Tape in Space from David Steele Overholt [I couldn’t get the video to embed, so please click the link.]

We do the same thing by erecting barriers in music history, only our barriers are even more scant than a piece of tape: they are completely invisible.


  1. What a fascinating project! I can understand avoiding tape when it’s struck up across the sidewalk, but it’s interesting that even when lines are drawn on the ground it can have an effect on how people move through the world. Perhaps we’re just hardwired to stay within the lines – maybe the reptilian part of our brains sees a line on the ground and relates it to edge of a cliff, the bank or a river, or some natural boundary.

    Dividing music history into periods, on the other hand, is entirely conscious. I just finished reading Warren Dwight Allen’s “Philosophies of Music History: A Study of General Histories of Music, 1600-1960,” and apparently the question of how to demarcate periods is a very old (and controversial) one. In some of the first histories (c. 1600), there were simply “Ancient” and “Modern.” With time, it became “Ancient,” “Medieval,” “Modern.” The term “Baroque,” which is borrowed from art history, used to be “The General-Bass Period.” It was even quite the vogue during the 19th century to name eras after their most distinguished practitioners (ie. “Bach Era,” “Monteverdi Era,” etc.)

    There is a practical and totally pragmatic purpose to periods – they are easier terms to use than dry, chronological ones. You can immediately (if falsely) conjure some style characteristics of ‘stile gallant’, but I don’t know if “late 18th century” would be as vivid.

    However, every period term – “Baroque,” “Romantic,” etc. – carries with it an essential judgment of the values, techniques and genres of the time. These prejudices can really muddy the waters.

    Hope to keep this topic up in the air as we continue!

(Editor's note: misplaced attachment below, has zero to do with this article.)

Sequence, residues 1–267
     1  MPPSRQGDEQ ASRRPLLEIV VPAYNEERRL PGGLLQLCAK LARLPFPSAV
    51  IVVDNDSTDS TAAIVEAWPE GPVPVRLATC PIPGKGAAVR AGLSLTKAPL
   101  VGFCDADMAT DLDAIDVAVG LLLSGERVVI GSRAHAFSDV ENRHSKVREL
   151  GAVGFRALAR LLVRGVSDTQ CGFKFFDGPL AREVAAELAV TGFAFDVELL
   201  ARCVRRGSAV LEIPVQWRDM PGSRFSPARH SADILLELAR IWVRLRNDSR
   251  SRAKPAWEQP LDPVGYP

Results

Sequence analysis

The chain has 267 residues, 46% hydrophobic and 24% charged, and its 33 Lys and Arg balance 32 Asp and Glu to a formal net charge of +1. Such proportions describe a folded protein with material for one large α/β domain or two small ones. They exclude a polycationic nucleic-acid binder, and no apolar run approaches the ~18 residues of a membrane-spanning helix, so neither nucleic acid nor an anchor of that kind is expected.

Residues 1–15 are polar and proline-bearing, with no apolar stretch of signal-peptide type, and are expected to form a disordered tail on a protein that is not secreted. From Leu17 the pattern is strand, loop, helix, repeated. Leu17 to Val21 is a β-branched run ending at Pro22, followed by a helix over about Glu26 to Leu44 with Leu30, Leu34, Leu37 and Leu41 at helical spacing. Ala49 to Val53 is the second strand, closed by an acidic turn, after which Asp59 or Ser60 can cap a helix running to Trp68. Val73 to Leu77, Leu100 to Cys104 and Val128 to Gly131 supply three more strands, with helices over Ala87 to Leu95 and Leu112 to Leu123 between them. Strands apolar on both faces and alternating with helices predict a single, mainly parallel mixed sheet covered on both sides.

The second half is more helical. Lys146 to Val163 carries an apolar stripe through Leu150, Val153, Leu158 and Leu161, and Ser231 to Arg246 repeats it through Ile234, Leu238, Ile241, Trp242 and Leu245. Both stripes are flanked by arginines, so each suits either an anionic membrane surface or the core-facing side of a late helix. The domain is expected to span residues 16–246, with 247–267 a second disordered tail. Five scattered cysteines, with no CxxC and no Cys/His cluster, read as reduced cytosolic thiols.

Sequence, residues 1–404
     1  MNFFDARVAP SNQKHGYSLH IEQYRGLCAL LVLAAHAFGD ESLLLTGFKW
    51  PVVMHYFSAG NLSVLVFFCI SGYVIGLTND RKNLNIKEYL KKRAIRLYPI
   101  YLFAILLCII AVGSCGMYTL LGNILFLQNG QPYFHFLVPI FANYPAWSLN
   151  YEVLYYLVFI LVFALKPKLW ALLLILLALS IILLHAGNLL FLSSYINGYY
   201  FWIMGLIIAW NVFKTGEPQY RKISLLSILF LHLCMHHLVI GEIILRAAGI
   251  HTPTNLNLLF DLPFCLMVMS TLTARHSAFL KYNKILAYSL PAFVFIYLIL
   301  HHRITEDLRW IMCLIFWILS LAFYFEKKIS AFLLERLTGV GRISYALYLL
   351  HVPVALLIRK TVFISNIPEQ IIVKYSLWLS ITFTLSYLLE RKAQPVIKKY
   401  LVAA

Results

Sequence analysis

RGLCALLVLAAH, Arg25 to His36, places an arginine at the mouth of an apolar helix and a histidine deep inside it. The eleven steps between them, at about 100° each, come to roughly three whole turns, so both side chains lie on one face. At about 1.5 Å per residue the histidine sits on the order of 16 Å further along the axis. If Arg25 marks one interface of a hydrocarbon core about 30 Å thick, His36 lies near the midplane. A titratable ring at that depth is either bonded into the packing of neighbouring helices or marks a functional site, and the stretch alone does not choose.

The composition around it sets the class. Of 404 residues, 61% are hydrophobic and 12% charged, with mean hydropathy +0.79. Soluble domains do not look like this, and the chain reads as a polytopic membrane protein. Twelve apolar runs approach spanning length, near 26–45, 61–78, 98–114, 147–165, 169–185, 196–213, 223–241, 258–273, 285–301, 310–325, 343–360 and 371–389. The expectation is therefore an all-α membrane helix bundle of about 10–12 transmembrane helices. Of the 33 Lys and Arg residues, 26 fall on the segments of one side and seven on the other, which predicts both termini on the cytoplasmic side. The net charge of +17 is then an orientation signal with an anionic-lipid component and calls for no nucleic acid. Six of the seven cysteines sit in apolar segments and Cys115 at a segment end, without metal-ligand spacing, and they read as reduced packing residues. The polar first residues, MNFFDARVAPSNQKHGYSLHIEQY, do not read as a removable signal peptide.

1. You’re right that era labels also have benefits. In this post, I decided to argue for the position of “barriers are bad”, but the opposite argument could be strongly made as well. Perhaps one of us should do that in a companion post, then open it up for debate…

      Thanks for the citation of Allen’s study. I’ll have to check that out.

  2. The question of how to “chunk” music history into periods is one that I raise with my undergrads (music majors) when we move from late Beethoven to Schubert, Berlioz, and other composers born a good generation later than Beethoven. I warn them, among other things, that there is no coherent system of “Romantic harmony” (for example)–intensely chromatic, third relations, enharmonic modulations, etc.–that will be found in all or even most music of the early/mid nineteenth century: there were many different streams of musical style co-existing simultaneously, and parlor songs or four-hand piano quadrilles (for example) might be as plain-vanilla in harmonic language as something from the–if we must use the term–“early Classic” era (e.g., the Stamitz and Sammartini in their anthology–pieces I quite _like_ despite or maybe because of their relatively limited harmonic vocabulary, harmonic progressions, etc.). I also have them sing a French political song with me from the 1820s (unaccompanied, using a folk song, and protesting censorship of political songs at the time!). The more we consider non-masterpiece music (including “functional music,” as Dahlhaus conveniently labeled it), I suspect, the less meaningful these simple “period” labels become.